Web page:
By Frank Connolly
Rumours and predictions of an Autumn election have been spreading like summer gorse fire over recent weeks with reports that Fine Gael is preparing its national advertising campaign for a run to the country soon after the October budget.
A number of factors could point to a November campaign including the opinion polls that have consistently placed Fine Gael as the most popular party and the fact that the results in the recent Carlow Kilkenny by-election suggest that it could rely on the handful of right-wing independents likely to be elected under the Renua or Shane Ross banners.
The meltdown in Labour’s vote in a constituency where it held a seat over generations could also influence the decision of the senior FG strategists as to when to pull the plug on the coalition, although their junior partners have not yet conceded that their future is completely bleak.
Labour can point to the agreement reached with public-service workers which will put €2,000 in the pockets of low- and middle- income workers over the next two years as well as restore pay for higher earners and provide assurances to employees across the health, education and local-authority sectors that their jobs will not be outsourced. It can also argue that the election should be delayed to the new year until the benefits of these pay increases and the expected tax and USC concessions in Budget 2016 reach public- and private- sector pay packets.
The sale of Aer Lingus was an undoubted blow to Joan Burton’s troops, even though the government stake had been diluted in significance by Fianna Fáil all those years ago, but other legislation – albeit less than robust – which recognises collective-bargaining rights for workers will appeal to the working-class base which has been deserting the party over the past four years.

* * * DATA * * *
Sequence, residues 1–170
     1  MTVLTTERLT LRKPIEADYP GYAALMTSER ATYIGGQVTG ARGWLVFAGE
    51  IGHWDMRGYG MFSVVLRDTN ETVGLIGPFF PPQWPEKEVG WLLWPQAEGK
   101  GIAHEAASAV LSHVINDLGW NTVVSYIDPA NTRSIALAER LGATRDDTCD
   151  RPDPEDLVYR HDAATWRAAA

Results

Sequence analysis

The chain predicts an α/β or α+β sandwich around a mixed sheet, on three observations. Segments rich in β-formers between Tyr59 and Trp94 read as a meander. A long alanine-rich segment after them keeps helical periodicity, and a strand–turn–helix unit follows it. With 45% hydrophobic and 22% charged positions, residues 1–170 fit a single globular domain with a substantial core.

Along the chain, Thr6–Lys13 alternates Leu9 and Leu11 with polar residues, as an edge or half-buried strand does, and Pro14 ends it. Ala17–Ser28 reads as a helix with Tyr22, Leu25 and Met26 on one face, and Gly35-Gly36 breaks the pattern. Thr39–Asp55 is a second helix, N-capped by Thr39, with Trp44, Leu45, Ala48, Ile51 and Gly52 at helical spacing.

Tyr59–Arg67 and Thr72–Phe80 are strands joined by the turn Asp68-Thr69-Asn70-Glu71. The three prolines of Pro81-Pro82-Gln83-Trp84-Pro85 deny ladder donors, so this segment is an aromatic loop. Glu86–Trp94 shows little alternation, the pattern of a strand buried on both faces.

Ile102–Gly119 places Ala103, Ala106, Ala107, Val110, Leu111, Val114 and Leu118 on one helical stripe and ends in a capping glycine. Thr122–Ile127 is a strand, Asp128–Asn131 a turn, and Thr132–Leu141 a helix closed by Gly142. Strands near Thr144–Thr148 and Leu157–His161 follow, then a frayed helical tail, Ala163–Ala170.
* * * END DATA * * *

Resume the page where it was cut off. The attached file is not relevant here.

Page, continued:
The by-election results show that Lucinda Creighton’s project could throw up enough seats to get her into cabinet in an FG-led government. The Ross gang too are solely interested in cabinet seats. This all serves to diminish the chances of Enda Kenny having to distastefully share power with the old enemy, Fianna Fáil.
The by-election also threw up a potential interesting development on the left of the political divide. This is because Sinn Fein’s Kathleen Funchion (16%) and the hard-left candidates from People before Profit (PBP) and the Anti-Austerity Alliance (AAA) (with 4,500 between them) took 1,500 more first preference votes than the victorious Fianna Fáil candidate, Bobby Aylward.
The efforts to develop an alternative platform or charter for the left bringing SF, smaller parties, Left TDs such as Mick Wallace, Clare Daly, Thomas Pringle, Catherine Murphy and others together with the Right2Water unions and community groups will continue at a meeting in Dublin in mid-June.
Already the prospects of an agreement embracing all these elements looks dim given the reluctance of PBP and the ‘pure’ socialists of the AAA to engage with others who do not accept their rigid positions on a range of issues, including how to run a civilised policy debate.
Others on the trade-union, SF and independent-left side of the equation are unhappy with any suggestion that the Right2Water movement could or should be transformed into a political party.
However, if a loose alliance were to develop a charter of credible policies on taxation and spending, and on the solutions required to fix our ailing public services, the low-wage economy and widespread poverty it could increase the numbers of left-wing candidates, and the numbers elected to the next Dáil.
Meanwhile, the latest controversy surrounding the Fine Gael’s most prominent and richest supporter, Denis O’Brien, and his dealings with IBRC and Siteserv, as well as his other recent acquisitions, has no doubt served to focus the minds of party strategists on the benefits of a November election, before the next crisis is too far down the tracks. •